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New Member
Can anyone tell me if the refugios fill up quickly.. I will be doing the Camino (the French route) second week of May.
Do I need to or can I make reservations at the refugios?
My original plan was to sleep at the refugio that was closest at the end of my walking day.. without pre-planning...
I'm hoping that this will be the normal way to proceed on the pilgrimage..

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Staff member
Hi Rebecca,

I don't think you should worry about this Rebecca. Even last year (holy year) with lots of pilgrims, I don't think anyone was refused at a refuge. Of course, if you come late at night you may not get the best bed, but from what I have heard things went smoothly last year in regards to pilgrims and refuges.

The number of pilgrims will probably start to pick up in May, but I don't think it will be anything close to what it was last year.

I do not think it is possible to make a reservation at a refuge.

Welcome to Santiago,


New Member
Hi ALi,
I'm hoping to start at SJPP, may 10 or may 11. I only have a total of 30 days, and would like to start there but am wondering if i should advance a little in order not to feel rushed .
Hopefully I'll see you...
I'm really excited about starting this journey. Everyone seems so Positive and Supportive.
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Albergue populations

Not to worry.

May is not a really busy period for the Camino Frances.
Now summer, especially August, that's a different story.
Here are the stats for 2004, a very very busy year ...


Buen Camino,
those are the totals for everyone claiming a compostela; 23% were not on the Camino Frances. Plus various caveats: not everyone claiming a compostela stops in the alberghes; not everyone walking the route claims a compostela. Nearly half start in Galicia (70% start W of the meseta), so the further W you get, the more people there are around.


Albergues and all that

Yes, of course. Peter's observations are correct.
There are mitigating factors in how may Peregrinos you could expect to find in any albergue.
Let's add a few more numbers to the mix:

On the stating point, again from 2004:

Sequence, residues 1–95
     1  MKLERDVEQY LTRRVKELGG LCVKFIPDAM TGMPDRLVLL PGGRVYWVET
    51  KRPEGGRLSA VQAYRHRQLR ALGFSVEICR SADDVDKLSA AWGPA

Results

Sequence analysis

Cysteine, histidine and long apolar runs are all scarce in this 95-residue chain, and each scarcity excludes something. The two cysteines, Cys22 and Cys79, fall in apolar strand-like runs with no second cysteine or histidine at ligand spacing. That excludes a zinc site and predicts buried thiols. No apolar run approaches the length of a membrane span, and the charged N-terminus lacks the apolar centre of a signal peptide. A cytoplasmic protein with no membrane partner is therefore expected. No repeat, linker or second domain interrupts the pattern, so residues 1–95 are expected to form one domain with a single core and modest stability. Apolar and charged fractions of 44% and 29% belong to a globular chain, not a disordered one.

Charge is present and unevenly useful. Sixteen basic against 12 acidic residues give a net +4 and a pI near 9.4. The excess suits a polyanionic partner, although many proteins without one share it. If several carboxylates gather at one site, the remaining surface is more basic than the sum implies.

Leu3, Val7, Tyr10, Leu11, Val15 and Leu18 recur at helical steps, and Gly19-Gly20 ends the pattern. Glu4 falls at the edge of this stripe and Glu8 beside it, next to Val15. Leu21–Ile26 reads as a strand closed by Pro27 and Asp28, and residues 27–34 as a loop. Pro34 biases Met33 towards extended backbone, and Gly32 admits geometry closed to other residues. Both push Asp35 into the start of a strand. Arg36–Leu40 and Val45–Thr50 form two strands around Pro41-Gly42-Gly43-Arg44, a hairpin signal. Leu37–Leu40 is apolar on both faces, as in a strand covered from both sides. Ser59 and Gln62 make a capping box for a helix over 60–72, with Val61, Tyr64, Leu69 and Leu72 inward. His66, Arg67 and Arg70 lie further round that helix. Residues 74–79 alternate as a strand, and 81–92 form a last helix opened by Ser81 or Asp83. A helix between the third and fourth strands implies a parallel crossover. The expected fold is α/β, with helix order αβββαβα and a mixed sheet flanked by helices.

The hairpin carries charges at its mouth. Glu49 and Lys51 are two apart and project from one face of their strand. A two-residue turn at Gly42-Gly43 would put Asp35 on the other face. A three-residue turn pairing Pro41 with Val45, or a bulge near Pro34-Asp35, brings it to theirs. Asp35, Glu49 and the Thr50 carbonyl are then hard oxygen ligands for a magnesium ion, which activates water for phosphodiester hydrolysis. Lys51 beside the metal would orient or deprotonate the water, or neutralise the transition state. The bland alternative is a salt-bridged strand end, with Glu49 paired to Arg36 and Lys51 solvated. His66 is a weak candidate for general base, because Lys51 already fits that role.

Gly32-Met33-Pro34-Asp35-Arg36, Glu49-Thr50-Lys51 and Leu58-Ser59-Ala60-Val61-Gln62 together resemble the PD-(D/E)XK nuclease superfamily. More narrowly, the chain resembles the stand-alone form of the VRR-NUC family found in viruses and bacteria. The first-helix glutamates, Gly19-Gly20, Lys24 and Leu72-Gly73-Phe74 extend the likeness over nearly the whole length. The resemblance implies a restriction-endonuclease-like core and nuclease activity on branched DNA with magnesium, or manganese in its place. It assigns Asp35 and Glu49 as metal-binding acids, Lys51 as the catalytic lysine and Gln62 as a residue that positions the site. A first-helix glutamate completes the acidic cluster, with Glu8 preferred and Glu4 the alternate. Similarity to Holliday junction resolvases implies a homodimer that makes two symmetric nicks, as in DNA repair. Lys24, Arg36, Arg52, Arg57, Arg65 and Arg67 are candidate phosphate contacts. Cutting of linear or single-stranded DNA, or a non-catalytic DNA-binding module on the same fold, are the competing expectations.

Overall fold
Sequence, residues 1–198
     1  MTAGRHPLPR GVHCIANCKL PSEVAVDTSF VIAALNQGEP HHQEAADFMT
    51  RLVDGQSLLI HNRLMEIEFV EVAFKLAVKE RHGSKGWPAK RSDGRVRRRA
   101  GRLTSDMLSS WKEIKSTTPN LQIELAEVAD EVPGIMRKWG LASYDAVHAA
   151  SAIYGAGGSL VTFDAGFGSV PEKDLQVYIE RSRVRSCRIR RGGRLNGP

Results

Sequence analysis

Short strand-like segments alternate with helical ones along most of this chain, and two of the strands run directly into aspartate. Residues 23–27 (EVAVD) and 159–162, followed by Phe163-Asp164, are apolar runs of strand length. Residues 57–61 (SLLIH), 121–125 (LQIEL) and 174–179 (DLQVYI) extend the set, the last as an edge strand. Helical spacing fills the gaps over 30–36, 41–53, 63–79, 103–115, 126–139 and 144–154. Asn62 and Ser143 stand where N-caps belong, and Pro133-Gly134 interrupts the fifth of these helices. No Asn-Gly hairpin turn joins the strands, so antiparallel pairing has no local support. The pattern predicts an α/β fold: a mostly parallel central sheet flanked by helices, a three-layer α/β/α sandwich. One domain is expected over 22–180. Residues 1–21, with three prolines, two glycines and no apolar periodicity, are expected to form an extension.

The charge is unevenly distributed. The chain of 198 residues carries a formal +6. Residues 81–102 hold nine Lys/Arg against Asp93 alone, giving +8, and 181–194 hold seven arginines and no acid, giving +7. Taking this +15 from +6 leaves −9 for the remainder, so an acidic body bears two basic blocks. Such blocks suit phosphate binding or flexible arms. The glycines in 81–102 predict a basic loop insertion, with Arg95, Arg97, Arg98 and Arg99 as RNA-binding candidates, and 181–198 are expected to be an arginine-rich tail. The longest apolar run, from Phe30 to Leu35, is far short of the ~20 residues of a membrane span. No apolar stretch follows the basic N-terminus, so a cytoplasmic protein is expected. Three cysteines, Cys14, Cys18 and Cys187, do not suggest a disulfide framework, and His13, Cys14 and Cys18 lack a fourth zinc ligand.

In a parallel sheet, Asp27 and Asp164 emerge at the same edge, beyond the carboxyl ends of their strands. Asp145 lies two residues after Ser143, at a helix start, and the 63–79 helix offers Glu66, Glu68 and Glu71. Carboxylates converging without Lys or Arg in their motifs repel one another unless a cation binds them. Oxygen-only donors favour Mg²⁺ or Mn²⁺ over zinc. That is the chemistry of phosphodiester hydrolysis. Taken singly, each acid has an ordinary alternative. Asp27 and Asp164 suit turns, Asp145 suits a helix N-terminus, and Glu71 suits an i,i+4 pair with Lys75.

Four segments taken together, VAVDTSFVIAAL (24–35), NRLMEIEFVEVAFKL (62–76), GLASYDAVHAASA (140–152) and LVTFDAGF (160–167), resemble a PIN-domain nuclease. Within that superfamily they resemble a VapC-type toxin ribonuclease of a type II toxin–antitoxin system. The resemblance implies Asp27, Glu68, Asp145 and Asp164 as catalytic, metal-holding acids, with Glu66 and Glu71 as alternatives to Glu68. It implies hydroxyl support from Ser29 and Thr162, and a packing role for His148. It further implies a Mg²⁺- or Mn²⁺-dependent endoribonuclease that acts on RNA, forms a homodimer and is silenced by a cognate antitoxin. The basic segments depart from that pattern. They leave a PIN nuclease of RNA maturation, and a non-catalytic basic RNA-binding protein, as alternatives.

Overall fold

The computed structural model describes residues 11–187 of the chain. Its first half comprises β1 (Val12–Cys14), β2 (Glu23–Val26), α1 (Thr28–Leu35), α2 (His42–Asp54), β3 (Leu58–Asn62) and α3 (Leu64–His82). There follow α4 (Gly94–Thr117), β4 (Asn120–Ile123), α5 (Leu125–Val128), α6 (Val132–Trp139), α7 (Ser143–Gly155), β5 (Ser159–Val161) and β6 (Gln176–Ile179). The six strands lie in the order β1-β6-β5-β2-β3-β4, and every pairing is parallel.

39,583 in Sarria
20,695 in O Cebreiro
13,108 in Roncesvalles
10,725 in Tui
10,648 in Ponferrada
9,343 in Saint Jean Pied de Port
9,284 in León
6,944 in Astorga
5,616 in Ourense
4,686 in Villafranca del Bierzo
3,253 in Pamplona
3,227 in Burgos

Combine that with Nationalities '04:
Spain 137,163
Italy, 7,670
Germany, 6,816
France, 6,567
Portugal, 3,252
USA, 2,028
Brazil, 1,439
UK, 1,432
Holland, 1,399
Belgium, 1,279
Austria, 1,203
Canada, 1,090
Mexico, 1,001

Putting these two groups of numbers together would lead one to believe the albergue populations would consist mainly of Spaniards from Sarria to Santiago. Add that to the first group of numbers (previous post) and Saria to the finale sounds crowded in August.

Many albergues were stuffed to the gils in 2004. I found one in the middle of the Meseta which was having a slower year than 2003. In Boadilla del Camino there are two albergues: one public, one private. The private albergue "En El Camino" is run by a mother and son, and a lovely oasis in the parched Meseta. Their pilgrim traffic was down from the year before. They believed it could have been from a number of factors, but there it is: you never know.

I have an observation which does not appear in any statistics. Europeans seem to start the Camino on a weekend. The tendency is the weekend closest to the beginning of a month, often their first weekend of holiday. St Jean and Roncesvalles are both popular places to start. If you fancy a larger number of people, start the weekend closest to the beginning of August. I you wish a smaller 'first day' number, a mid-week start in April or May might be to your liking. In any case, there will probably be 'room at the inn' for you. Mainly, have a great Journey, without and within.

Buen Camino,

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